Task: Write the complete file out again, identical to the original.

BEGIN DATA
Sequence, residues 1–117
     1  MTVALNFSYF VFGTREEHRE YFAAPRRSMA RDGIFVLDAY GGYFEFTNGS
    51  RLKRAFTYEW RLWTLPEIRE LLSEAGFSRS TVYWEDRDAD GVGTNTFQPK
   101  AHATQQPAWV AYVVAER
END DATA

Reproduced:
Sequence, residues 1–117
     1  MTVALNFSYF VFGTREEHRE YFAAPRRSMA RDGIFVLDAY GGYFEFTNGS
    51  RLKRAFTYEW RLWTLPEIRE LLSEAGFSRS TVYWEDRDAD GVGTNTFQPK
   101  AHATQQPAWV AYVVAER